Dozens of county supervisors gathered in Fredericksburg last week for the 2018 County Officials’ Summit, hosted by the Virginia Association of Counties (VACo). With the November election approaching, VACo invited incumbent Senator Tim Kaine and his opponent, Prince William County Board Chairman Corey Stewart, to speak to the group. Their appearances were not a debate; Senator Kaine spoke at the beginning of the morning session; Chairman Stewart spoke at the end of the session, with an analysis of the upcoming federal election by former political science professor, Dr. Bob Holsworth, between speakers.
Senator Kaine began his remarks by focusing on the Pledge of Allegiance, especially the last two words “for all.” He noted that it could have been easy for the author, Rev. Francis Bellamy, to end the pledge “with liberty and justice,” but adding “for all” gave the pledge special significance for every person. “If the pledge isn’t working for all, then it’s not working,” Senator Kaine said. As he spoke, some attendees seemed to be repeating the pledge silently, to reinforce the tenets of words many of us say almost daily.
In his presentation, done without notes, Senator Kaine said his goal is a “Virginia that works for all,” and that includes broadband infrastructure investments. Just as bringing electricity was vital to rural areas in the l930s and 40s, so, too, is expanding broadband today. Closing the digital divide ensures that all Virginia communities can compete in the 21st century economy. Senator Kaine pointed out that the online marketplace needs transportation for delivery; all those goods ordered online probably will come to your home or office by truck – using road and rail infrastructure! A sales tax on online purchases could help pay for that infrastructure, he added.
Career and technical education is another timely issue. Many current jobs do not require a four-year college degree, and Senator Kaine said that respect for skills in the trades needs to be raised. He recommended that middle school is not too early to begin introducing career and technical education to students who are beginning to think about their future opportunities. He said that he learned welding and ironworking in his father’s Midwestern business, and taught the same skills to youth in Honduras when he was a college student.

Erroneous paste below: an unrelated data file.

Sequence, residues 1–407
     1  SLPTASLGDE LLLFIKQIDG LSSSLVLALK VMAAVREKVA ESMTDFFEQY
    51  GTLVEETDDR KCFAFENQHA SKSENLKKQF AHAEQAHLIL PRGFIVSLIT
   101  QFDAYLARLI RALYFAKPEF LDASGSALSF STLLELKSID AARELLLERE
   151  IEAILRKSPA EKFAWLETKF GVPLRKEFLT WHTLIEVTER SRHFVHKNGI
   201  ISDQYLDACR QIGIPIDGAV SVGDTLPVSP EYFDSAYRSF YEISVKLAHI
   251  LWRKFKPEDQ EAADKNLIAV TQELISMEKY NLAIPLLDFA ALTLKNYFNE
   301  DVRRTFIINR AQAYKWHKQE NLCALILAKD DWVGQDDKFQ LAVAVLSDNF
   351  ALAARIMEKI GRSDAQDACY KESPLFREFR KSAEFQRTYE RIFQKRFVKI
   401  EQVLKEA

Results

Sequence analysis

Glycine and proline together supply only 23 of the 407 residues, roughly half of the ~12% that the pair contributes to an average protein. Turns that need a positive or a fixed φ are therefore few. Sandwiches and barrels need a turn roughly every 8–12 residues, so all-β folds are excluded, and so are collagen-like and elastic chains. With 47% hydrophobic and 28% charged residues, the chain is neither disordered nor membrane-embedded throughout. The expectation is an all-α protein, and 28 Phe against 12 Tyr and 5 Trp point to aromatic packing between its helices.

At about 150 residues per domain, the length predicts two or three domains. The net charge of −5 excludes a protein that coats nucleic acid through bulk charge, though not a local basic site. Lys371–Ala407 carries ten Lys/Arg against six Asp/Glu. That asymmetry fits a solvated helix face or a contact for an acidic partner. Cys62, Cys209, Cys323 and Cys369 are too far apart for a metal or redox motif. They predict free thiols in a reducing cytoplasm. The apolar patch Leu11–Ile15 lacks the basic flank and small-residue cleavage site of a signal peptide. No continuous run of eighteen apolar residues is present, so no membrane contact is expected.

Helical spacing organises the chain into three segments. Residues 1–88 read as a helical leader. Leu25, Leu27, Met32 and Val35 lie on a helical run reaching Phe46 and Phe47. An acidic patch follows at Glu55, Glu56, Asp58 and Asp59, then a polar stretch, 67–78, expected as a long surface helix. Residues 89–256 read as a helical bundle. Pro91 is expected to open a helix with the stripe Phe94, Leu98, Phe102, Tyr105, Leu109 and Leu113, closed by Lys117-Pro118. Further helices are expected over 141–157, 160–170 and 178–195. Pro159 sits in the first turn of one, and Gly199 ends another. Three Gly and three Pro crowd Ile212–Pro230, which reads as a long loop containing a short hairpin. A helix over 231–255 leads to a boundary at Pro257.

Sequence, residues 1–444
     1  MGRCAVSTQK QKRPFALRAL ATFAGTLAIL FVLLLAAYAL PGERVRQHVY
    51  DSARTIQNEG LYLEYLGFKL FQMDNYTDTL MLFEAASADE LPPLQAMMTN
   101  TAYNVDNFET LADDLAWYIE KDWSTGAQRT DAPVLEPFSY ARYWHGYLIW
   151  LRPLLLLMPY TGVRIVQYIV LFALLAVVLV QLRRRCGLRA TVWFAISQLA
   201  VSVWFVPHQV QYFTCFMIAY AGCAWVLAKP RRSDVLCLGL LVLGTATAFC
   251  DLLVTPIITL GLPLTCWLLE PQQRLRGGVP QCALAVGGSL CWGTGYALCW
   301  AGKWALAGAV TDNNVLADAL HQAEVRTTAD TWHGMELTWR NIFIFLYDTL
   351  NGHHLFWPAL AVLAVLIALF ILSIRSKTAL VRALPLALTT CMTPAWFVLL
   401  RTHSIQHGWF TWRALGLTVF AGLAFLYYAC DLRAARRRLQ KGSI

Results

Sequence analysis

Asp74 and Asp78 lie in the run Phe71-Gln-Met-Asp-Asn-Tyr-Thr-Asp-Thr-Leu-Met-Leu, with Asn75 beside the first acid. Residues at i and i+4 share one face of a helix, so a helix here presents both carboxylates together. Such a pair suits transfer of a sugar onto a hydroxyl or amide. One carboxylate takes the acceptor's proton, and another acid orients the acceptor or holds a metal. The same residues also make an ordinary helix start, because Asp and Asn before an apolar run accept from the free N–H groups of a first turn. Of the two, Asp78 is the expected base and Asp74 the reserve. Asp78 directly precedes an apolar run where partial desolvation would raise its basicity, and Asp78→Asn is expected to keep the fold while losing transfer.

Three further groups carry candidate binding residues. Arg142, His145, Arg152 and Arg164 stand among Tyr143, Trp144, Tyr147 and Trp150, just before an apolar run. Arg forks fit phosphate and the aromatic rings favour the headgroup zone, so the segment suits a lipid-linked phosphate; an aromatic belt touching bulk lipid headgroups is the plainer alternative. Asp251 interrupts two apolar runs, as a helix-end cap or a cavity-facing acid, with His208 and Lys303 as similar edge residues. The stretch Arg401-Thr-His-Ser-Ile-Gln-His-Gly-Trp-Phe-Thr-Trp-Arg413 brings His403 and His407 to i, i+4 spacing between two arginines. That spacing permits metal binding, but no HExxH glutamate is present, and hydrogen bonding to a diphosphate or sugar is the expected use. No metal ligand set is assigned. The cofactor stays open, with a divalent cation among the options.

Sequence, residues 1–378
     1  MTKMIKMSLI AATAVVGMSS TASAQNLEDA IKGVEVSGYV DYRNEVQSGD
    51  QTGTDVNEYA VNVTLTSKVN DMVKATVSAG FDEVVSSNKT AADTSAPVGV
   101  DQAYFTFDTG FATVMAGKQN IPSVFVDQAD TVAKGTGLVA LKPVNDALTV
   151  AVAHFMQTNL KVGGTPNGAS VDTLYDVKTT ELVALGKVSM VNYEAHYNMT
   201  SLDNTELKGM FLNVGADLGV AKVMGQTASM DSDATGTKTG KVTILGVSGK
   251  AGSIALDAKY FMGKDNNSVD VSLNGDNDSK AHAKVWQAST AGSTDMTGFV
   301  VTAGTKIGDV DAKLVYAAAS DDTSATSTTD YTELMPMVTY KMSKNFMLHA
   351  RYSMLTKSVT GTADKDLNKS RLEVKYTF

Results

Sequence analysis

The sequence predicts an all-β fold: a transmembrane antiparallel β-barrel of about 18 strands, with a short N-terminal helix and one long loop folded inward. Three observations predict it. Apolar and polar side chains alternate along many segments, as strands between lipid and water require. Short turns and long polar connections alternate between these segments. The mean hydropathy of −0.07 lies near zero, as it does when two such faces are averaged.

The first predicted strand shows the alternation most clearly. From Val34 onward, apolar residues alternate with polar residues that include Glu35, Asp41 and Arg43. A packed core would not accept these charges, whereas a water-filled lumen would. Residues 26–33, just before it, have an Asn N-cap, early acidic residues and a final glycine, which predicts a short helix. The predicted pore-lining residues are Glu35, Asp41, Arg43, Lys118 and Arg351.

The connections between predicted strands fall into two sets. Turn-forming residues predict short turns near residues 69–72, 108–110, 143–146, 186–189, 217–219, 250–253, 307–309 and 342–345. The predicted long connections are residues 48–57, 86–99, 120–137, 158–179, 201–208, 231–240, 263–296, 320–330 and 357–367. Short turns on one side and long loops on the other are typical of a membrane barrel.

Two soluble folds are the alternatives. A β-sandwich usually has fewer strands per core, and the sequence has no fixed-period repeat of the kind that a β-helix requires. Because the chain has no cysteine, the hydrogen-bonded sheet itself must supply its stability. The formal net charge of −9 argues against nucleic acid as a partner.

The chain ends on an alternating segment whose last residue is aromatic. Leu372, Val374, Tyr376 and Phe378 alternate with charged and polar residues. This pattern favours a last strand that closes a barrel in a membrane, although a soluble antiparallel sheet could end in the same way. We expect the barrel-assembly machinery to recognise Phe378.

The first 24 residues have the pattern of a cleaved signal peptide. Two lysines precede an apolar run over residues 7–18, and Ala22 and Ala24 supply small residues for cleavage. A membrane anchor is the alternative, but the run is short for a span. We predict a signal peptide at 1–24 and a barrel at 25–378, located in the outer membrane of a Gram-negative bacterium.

An awkward moment preceded Corey Stewart’s speech, as he was distracted by other conversations, and apparently didn’t hear his introduction. So the emcee repeated it! Mr. Stewart also supports universal broadband, but said he was not ready to answer the online taxation question. He also said he doesn’t believe in gun-free school zones, supporting the idea of armed guards, such as school resource officers and retired police officers. He also expressed concern about drugs coming across the U.S.-Mexico border, and said a wall would help combat that, the only time he mentioned programs touted by the Trump Administration.
There were no fireworks at Thursday’s presentations, but the analysis, leadership, and expertise of Senator Tim Kaine, honed as city council member, mayor, governor, senator, (and vice presidential candidate), made him a clear favorite, among the bipartisan crowd, to merit re-election on Nov. 6.
Penny Gross is the Mason District Supervisor, in the Fairfax County Board of Supervisors. She may be emailed at email@example.com.